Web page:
Roundworms, hookworms, whipworms and tapeworms, oh my!
Have you ever seen your dog eat grass, dirt, or feces? Does your dog go to the dog park or play with other dogs? Is your dog known to chase rabbits? Has he ever had fleas?
These are all factors and behaviors that put your pet at risk for intestinal worm infection.
How do dogs get worms?
1) From the environment: Dogs infected with worms shed thousands of tiny, microscopic eggs into the environment through their feces. From there, the eggs are dispersed into soil, sand, vegetative growth (grass, plants) or even in water. Dogs become infected when they inadvertently eat these eggs. Think of dogs that eat grass, dirt, or lick the ground. Hookworms are unique in that they can also penetrate a dog’s skin if she happens to be walking or lying down in a contaminated area. Once they break the skin, they will migrate to the intestines.
2) From eating other infected animals: Dogs are not the only ones eating parasite eggs. Rodents, rabbits, birds, and even bugs (like fleas) eat parasite eggs too. However, unlike in dogs, in these creatures the eggs DO NOT grow up into adult worms but rather stay in a hibernating, encysted state. When a dog then eats one of these critters (have you ever seen Duke chasing a rabbit or mouse?), the “sleeping” worm will wake up and grow into an adult inside the dog. From there, the worm will live in the dog's intestines drinking blood or stealing nutrients and shedding eggs into the feces.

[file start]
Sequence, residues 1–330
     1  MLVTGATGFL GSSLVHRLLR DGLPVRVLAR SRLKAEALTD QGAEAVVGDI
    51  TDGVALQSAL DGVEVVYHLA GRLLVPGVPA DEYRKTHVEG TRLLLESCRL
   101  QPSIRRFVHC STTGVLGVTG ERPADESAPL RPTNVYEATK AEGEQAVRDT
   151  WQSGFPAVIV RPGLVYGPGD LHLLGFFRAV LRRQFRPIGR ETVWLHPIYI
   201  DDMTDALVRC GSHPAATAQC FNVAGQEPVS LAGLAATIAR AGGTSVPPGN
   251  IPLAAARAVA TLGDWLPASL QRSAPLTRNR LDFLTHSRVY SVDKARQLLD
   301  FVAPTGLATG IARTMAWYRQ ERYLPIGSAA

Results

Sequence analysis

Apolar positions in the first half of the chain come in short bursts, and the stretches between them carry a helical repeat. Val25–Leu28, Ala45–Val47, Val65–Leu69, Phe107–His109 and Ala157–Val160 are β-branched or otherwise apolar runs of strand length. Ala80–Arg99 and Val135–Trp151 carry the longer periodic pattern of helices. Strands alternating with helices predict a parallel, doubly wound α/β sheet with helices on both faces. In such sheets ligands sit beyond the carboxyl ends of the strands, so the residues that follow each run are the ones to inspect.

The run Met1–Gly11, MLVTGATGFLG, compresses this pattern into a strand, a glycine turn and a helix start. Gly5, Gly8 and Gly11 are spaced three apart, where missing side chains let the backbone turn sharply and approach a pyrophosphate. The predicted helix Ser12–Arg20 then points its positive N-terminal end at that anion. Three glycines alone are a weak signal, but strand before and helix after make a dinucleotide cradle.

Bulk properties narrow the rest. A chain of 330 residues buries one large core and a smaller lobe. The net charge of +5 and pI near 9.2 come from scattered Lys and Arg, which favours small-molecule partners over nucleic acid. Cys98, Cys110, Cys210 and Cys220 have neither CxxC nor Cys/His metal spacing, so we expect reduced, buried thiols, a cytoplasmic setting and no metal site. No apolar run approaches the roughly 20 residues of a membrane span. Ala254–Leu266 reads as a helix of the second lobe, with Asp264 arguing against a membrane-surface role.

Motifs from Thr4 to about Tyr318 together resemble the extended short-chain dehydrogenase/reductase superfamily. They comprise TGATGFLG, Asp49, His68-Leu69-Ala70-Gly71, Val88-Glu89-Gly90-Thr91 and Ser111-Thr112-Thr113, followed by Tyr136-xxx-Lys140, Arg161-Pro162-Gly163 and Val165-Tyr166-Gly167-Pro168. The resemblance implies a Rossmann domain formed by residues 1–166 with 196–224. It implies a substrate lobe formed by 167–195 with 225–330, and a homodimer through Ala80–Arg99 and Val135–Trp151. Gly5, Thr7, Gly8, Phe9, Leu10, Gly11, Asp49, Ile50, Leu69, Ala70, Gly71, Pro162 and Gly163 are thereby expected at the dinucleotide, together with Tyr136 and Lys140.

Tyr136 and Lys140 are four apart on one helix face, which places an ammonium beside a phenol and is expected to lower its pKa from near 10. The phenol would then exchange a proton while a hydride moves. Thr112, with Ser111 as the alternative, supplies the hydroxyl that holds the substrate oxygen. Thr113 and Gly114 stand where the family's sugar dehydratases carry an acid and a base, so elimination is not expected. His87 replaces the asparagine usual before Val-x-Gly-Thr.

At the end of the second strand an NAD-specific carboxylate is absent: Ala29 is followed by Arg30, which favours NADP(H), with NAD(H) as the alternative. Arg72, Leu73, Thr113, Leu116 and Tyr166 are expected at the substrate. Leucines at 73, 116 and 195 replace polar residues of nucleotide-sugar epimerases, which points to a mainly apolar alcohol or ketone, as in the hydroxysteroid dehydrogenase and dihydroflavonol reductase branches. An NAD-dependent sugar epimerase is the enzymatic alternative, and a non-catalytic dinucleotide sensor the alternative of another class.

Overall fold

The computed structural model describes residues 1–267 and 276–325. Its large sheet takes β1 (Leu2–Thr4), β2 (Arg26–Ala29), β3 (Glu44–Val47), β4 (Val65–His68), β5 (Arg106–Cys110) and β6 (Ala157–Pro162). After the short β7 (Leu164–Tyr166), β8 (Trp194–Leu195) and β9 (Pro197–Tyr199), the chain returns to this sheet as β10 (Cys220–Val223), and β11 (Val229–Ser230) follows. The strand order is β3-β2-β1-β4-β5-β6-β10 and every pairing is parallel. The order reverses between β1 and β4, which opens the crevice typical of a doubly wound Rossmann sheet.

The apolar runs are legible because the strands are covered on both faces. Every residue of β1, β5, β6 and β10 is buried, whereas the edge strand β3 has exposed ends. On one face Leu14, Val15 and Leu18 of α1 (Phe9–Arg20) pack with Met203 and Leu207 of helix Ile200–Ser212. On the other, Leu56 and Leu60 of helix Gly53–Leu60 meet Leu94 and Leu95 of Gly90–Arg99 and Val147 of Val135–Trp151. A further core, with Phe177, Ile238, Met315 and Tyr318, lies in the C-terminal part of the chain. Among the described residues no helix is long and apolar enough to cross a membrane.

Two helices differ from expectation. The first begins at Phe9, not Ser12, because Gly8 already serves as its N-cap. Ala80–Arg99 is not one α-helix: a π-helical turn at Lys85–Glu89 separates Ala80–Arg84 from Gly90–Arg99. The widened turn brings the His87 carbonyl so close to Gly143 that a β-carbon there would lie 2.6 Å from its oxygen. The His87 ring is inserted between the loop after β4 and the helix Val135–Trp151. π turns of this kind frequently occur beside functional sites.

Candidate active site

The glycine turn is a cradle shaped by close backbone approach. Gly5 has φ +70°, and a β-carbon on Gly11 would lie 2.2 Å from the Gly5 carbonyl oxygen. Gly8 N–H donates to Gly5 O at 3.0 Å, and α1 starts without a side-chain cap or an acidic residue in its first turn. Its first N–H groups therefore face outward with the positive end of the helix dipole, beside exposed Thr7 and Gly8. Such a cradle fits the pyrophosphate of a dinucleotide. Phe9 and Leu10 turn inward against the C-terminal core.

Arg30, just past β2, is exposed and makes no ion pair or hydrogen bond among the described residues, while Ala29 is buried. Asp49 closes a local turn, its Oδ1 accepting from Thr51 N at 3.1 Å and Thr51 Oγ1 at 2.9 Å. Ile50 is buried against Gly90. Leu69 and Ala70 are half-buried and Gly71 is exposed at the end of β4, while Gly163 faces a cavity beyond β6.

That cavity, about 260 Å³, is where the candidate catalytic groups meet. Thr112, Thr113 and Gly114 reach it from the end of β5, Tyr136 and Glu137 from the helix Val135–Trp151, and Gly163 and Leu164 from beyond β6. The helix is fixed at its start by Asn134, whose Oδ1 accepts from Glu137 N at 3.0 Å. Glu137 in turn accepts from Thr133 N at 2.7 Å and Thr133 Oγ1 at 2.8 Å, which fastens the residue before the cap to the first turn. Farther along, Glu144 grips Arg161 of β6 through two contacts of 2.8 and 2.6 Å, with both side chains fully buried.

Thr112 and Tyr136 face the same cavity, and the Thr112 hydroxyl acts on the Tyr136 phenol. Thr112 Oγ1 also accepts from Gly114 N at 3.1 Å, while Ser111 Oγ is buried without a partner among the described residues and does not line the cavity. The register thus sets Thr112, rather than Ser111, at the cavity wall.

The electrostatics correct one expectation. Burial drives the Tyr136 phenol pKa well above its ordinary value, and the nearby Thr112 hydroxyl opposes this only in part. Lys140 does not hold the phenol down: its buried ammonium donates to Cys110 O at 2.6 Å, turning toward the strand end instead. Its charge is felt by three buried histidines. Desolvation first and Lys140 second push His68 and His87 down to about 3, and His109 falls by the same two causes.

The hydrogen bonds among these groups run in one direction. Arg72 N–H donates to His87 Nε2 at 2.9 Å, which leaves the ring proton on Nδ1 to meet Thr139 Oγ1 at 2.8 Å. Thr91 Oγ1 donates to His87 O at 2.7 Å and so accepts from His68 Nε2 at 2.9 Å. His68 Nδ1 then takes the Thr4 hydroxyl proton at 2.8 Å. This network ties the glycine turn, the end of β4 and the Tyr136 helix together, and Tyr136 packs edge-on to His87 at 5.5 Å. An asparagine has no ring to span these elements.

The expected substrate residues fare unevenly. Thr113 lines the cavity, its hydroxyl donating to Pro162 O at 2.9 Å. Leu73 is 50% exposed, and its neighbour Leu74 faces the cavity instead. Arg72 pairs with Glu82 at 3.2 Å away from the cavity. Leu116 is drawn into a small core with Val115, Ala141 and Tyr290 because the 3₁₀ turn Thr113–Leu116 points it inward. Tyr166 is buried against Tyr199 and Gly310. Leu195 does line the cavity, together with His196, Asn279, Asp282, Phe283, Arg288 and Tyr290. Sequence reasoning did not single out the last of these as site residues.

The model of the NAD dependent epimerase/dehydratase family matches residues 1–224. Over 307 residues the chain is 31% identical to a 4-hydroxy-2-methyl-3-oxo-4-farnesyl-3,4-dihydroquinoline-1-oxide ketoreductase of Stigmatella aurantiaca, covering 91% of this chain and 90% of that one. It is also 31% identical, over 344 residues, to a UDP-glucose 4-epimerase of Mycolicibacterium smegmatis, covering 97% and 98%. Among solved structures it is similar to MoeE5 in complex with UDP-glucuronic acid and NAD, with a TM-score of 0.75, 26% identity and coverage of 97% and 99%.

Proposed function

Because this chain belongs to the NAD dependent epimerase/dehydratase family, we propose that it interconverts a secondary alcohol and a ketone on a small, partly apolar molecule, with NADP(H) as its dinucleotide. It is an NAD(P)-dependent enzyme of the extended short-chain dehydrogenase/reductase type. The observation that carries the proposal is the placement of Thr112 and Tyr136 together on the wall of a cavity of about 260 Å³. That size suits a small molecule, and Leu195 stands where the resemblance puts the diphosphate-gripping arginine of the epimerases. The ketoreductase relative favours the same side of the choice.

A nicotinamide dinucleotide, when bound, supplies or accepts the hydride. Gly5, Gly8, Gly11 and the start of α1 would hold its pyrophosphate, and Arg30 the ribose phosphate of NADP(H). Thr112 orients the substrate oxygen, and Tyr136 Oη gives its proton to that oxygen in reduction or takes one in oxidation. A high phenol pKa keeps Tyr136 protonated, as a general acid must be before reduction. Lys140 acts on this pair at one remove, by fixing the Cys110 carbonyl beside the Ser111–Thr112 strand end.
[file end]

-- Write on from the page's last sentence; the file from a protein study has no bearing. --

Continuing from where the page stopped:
3) From their mother: Puppies are often infected with worms before they are born or through their mother’s milk while nursing.
Is there a worm season?
Dogs can be at risk for infection anytime of the year. Many of the eggs that are released into the environment are very durable and can survive environmental extremes (including harsh winters) for several years. It is important as a dog owner to always be aware and on guard year-round. Warmer weather can especially increase the risk of your dog picking up intestinal worms because people tend to spend more time with their dogs outside and wildlife becomes more active.
While there are a variety of signs that your dog may show if infected, it is not uncommon for dogs to show no signs at all, appearing perfectly normal. However, the most common clinical signs are typically diarrhea, blood in the stool and vomiting. Weight loss, a bloated belly, coughing and dehydration are also possibilities. Severe cases, if left untreated, can even result in death. Owners may also see visible noodle-like worms in their dog's stool or vomit, or they may see tapeworm egg packets, which look like sesame seeds or dry pieces of rice, stuck to the hair around their dog's rear, on their bedding or in their stool. If you suspect your dog has worms or is acting sick, you should visit your veterinarian. There are effective dewormers available over the counter at pet stores and online.
What do I do if my dog has worms?
Don't panic. It's not uncommon for dogs to be infected with some type of worm in their lifetime. Luckily, there are many effective dewormers available through veterinarians or pet specialty stores.
How to Tell if Your Cat or Dog Has Worms
Whipworms in Dogs
Symptoms of Heartworms in Dogs
Tapeworms in Cats & Dogs